A letter arrived at Concealed Carry Magazine that asked several very good questions about Airsoft gear that begs to have a column all of its own.
“I have just become aware of the Airsoft “toys.” I understand they are recreational only and have no place in the “real” weapon arena. They do seem to present a real possibility for practice at home. In most homes, discharging a real firearm is not safe or practical. These functioning replicas seem to offer a viable alternative when getting to the range doesn’t fit in the schedule. I have seen a selection of them: gas, electric and spring, pros and cons, good models and bad, etcetera. The spring models are inexpensive and the gas models have blow-back action to enhance the realism. Would it be possible to bring us (readers) up to speed on the topic?” —Bob Crifasi – Highland Park, NJ
It’s time for a crash course on all things Airsoft. Let’s get a little history while we are at it. Airsoft started in Japan during the early 1980s. It was then and is currently illegal to own firearms in Japan, but even with a total ban on firearm ownership, there was significant interest. During the latter part of the 1980s, the sport migrated to a number of Pacific Rim countries. Airsoft started appearing in North America and Europe during the middle of the 1990s. Today, it is fairly well known in the US and is really starting to enjoy widespread use as a training tool, thanks in part to classes like Interactive Gunfighting from Suarez International.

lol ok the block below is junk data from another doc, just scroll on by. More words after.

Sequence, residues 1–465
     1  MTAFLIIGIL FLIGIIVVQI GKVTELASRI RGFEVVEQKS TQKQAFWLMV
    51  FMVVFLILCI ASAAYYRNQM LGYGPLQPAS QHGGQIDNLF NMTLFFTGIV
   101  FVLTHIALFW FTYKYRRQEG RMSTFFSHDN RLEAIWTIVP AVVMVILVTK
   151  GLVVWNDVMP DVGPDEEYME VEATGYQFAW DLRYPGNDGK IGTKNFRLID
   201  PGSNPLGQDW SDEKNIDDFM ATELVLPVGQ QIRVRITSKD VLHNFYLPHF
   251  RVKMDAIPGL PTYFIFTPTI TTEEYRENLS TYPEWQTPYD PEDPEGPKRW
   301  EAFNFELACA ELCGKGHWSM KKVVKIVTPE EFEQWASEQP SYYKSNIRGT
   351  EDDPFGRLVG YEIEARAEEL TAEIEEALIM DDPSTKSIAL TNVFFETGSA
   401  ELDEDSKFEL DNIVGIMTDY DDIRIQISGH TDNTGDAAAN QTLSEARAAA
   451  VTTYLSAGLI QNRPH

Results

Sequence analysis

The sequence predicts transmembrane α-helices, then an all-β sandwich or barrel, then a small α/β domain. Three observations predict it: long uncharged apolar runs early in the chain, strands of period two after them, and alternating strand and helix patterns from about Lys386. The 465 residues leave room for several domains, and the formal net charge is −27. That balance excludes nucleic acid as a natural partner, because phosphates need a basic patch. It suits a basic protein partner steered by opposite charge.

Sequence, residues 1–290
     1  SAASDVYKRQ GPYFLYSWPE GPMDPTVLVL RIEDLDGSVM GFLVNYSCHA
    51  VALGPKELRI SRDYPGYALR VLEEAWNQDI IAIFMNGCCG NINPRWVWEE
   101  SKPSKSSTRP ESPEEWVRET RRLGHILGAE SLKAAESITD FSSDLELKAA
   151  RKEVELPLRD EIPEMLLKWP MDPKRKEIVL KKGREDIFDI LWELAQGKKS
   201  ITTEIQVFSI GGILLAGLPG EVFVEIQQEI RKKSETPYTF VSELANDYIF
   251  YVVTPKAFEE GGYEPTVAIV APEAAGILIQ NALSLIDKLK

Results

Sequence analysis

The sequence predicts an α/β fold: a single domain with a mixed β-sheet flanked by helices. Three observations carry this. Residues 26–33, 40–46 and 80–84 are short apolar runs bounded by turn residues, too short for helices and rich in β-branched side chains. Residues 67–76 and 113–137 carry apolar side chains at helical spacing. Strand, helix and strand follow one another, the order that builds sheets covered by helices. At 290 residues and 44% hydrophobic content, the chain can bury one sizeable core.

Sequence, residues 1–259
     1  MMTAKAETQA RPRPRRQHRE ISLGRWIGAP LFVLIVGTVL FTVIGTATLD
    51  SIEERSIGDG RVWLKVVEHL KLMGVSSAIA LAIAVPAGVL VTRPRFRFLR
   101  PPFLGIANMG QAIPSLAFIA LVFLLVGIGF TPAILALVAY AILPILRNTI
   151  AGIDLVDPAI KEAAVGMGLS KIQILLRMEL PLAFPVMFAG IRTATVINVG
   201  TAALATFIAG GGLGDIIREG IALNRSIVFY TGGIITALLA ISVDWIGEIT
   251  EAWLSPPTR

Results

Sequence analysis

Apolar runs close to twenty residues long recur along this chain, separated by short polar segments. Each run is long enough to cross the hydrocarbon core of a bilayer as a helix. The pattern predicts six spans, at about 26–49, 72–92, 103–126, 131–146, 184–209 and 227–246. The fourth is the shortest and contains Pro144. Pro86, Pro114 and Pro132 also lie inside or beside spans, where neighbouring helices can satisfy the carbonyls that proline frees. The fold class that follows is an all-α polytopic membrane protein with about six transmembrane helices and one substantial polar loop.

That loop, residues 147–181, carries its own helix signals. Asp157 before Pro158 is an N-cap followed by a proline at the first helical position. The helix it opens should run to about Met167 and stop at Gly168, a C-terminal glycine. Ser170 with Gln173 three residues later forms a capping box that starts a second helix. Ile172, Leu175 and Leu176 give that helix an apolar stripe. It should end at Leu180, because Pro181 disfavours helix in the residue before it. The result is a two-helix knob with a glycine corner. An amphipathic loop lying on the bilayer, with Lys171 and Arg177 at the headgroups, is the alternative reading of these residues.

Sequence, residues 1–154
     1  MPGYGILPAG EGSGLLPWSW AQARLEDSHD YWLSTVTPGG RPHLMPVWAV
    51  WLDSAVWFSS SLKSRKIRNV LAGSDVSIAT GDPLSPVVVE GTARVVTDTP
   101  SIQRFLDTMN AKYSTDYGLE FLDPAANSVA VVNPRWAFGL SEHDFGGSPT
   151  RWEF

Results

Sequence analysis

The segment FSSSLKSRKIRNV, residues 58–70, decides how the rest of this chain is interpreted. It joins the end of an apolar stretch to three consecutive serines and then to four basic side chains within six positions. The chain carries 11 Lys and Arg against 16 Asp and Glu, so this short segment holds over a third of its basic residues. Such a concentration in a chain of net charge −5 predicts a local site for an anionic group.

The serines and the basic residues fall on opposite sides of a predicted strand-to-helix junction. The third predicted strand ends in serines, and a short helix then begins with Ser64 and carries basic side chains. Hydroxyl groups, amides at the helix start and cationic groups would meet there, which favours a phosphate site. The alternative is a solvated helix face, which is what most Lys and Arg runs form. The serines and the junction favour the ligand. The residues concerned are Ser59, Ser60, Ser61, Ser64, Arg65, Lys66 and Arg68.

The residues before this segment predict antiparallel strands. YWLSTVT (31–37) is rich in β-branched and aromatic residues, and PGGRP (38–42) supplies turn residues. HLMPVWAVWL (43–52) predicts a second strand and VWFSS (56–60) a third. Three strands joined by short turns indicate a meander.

There are 3 major types of Airsoft guns: spring powered, gas powered and battery powered.
Airsoft guns are 1:1 nearly perfect replicas of your favorite military and civilian weapons. Now you can own an FN Herstal P-90, a Heckler & Koch MP 5K or a Glock 18. The only real visual difference is the orange tip on the muzzle, and the trademarks have to be removed for importation into the US.
Otherwise, they look nearly the same when placed side-by-side. The biggest difference is that they will not and can not be made to fire any sort of conventional ammunition. They can only chamber and fire 6mm plastic BBs. Unlike simunitions, Airsoft guns and ammo are relatively cheap to use, easy to clean up after, do not require special protective equipment at considerable additional cost, and can be acquired without special permission.
Our subscriber asked if these are toys or serious training tools. Both toy and tool would be the correct answer. They are amazingly fun to shoot, but they have even greater value in the training arena. It bears repeating that safety with these guns is as important as with real ones.
Most out-of-the-box Airsoft guns shoot at 300 feet per second or more. The rounds don’t hurt nearly as much as a paintball because of the low mass and small size, but at normal engagement distances, protective headgear and eyewear are a must. Long sleeves are a good idea, as are long pants. Even with the proper attire, you are going to know when you get hit and you will look like you have measles after a long day of skirmishes.